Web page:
Tim Brown, whose conducting I always find infectious to watch, brought together the forces of Cambridge University Bach Ensemble and Cambridge University Chamber Choir in to-night’s performance of the perennial Lententime Bach work, which never fails to find an audience.

To-night’s, if it – as I did – needed to read what Tim had written about the piece at the front of the programme to appreciate this truth, would have seen what he said about what determines how it unfolds to be perfectly correct: much about what The Matthew Passion (BWV 244) ends up being in performance is a result of the way in which the recitative of The Evangelist is delivered.

As I noticed for the first time in this performance (though I have heard two or three others before), three times he introduces Jesus saying, with remarkable economy and concision, Du sagest's*:

(1) The first is an answer to Judas, asking whether he is the one to betray him, Bin ich's, Rabbi?.

(2) The second is when Jesus is already before the High Priest, who seeks to compel Jesus to say whether he is The Christ with the words Ich beschwöre dich bei dem lebendigen Gott, dass du uns sagest, ob du seiest Christus, der Sohn Gottes.

(3) The final one is a little further on, when, before Pilate now, he is asked Bist du der Juden König?.

Of course, the threefold repetition chimes with Peter's three denials. Just as much as Judas, Peter betrays Jesus, first by saying Ich weiss nicht, was du sagest, and then, twice, Ich kenne des Menschen nicht. And we are led straight to what is almost certainly the aria in the piece capable of most beauty, Erbarme dich, mein Gott**, which made such an impression on me when Tarkovksy used it in The Sacrifice (1986), his final film.

As to the other two denials, one is by the High Priest, who tears his clothes and accuses Jesus of blasphemy for what he says about how the Son of Man will be seen seated at the right hand of glory and coming on the clouds of Heaven; the other is by the head of the secular authorities, who seems to see through the motives of those who seek for Jesus to be crucified, but ultimately seems powerless to resist the crowd that has been worked up to bay for his blood***.

Enough on the performance for now, save to say that Stefan Kennedy (as The Evangelist) and Nicholas Mogg (as Christus) both showed a feel for delivering recitative where some of the members of the choir, who had solo spots but also a passage of recitative immediately before, appeared vocaly less comfortable, and almost as though it were a chore to be got out of the way before the aria: as becomes quite evident when seeing the work, Jesus does say remarkably little in the quite lengthy time taken before the High Priest and then Pilate, and not because he has nothing to say, but Nicholas Mogg concentrated extremely well to give a cohesive Jesus.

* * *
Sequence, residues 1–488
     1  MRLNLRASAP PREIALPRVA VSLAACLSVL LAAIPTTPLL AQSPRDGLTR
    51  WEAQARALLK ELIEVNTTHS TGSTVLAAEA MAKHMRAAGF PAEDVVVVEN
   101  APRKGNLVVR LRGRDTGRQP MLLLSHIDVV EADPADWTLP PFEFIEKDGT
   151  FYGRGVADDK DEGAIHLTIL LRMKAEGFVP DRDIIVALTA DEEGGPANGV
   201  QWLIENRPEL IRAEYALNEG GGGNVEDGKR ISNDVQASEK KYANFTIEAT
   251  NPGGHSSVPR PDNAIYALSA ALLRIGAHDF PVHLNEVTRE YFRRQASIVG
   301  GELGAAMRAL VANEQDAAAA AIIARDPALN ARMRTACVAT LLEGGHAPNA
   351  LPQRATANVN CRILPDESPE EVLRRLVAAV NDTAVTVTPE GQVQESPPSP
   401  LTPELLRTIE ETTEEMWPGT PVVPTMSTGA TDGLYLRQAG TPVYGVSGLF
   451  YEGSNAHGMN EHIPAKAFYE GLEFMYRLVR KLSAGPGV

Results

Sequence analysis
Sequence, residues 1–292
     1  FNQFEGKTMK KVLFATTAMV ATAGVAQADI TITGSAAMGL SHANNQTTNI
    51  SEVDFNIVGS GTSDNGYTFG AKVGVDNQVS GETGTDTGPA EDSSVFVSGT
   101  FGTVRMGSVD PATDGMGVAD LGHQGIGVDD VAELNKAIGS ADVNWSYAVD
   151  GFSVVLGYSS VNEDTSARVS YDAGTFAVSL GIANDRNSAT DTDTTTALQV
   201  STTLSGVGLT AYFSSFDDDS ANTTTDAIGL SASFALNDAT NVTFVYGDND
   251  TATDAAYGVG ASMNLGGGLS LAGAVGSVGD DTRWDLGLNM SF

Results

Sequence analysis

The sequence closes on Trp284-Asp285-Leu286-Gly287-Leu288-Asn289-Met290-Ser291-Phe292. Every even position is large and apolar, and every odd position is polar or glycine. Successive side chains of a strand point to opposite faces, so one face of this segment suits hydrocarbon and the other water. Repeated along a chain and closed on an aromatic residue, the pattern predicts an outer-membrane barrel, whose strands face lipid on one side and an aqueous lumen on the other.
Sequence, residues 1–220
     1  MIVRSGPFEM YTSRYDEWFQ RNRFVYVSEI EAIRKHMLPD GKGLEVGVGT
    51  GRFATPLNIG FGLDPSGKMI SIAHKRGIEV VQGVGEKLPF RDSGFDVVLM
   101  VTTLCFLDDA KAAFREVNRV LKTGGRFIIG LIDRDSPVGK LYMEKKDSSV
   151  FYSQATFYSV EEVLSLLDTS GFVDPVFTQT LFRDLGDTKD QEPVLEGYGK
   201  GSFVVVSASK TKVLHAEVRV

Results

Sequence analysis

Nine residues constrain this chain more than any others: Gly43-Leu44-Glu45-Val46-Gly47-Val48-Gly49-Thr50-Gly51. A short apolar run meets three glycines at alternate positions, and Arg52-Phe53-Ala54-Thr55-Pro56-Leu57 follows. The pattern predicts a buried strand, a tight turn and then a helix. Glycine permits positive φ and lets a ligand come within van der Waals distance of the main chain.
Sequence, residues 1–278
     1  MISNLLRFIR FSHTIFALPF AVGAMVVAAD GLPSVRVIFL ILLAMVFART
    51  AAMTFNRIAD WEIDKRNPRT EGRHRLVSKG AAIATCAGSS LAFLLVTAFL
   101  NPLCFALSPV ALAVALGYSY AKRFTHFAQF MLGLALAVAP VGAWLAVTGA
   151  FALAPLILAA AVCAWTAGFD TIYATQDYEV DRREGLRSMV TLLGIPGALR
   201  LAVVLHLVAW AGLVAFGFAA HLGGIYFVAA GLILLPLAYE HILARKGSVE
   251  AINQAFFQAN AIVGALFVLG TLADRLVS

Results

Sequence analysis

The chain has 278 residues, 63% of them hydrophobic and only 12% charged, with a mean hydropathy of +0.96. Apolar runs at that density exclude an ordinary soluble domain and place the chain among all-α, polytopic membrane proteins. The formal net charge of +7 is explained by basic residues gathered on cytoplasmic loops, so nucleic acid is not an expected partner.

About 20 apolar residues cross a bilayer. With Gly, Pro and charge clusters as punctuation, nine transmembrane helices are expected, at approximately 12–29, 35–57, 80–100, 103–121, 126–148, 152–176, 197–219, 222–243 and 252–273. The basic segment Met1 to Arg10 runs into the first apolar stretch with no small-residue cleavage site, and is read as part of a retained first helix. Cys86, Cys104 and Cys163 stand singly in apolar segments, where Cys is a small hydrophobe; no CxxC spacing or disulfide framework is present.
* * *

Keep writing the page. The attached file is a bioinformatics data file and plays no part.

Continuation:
In the case of Stefan Kennedy's recitative, I only felt very occasionally that it was a little rushed (and that only towards the end of the piece), but that it was otherwise carefully and thoughtfully paced to best effect****: I was certainly won over by how he placed emphasis as the interpretation developed, and, with a solid but often silent Jesus, there was an interesting dynamic between them.

All in all, not least with regard to the quality of the instrumental playing from the Bach Ensemble (with a highly solid continuo line from Dan Smith on organ and Kate Aldridge on violone), a very fine Matthew Passion!


* The quotations are all taken from the text as it is given in the insert to the first version, on LP, that I owned of this work, as just an English translation was printed in the programme - I largely followed the German in that insert, but referred to the programme.

** Though this is not the only time that this verb is used, because it is in a passage of recitative that recapitulates that Jesus has been given over by Pilate to be scourged, ready for crucifixion. In the meantime, Judas has repented of his actions in accepting money to betray Jesus to the religious authorities, and there is a telling bass aria after he has thrown the money back at them and gone away and hanged himself:

Gebt mir meinen Jesum wieder!
Seht, das Geld, den Mörderlohn,
Wirft euch der verlorne Sohn
Zu den Füssen nieder.

*** I was reminded a little how the Tribunes in Coriolanus (most recently seen as a film directed by Ralph Fiennes, who plays the title role) also stir the crowd.

**** With a few vowel-sounds, there seemed some variance from the text that I was following, but the score being used may have adopted a different editorial policy with regard to rendering past tenses in eighteenth-century German.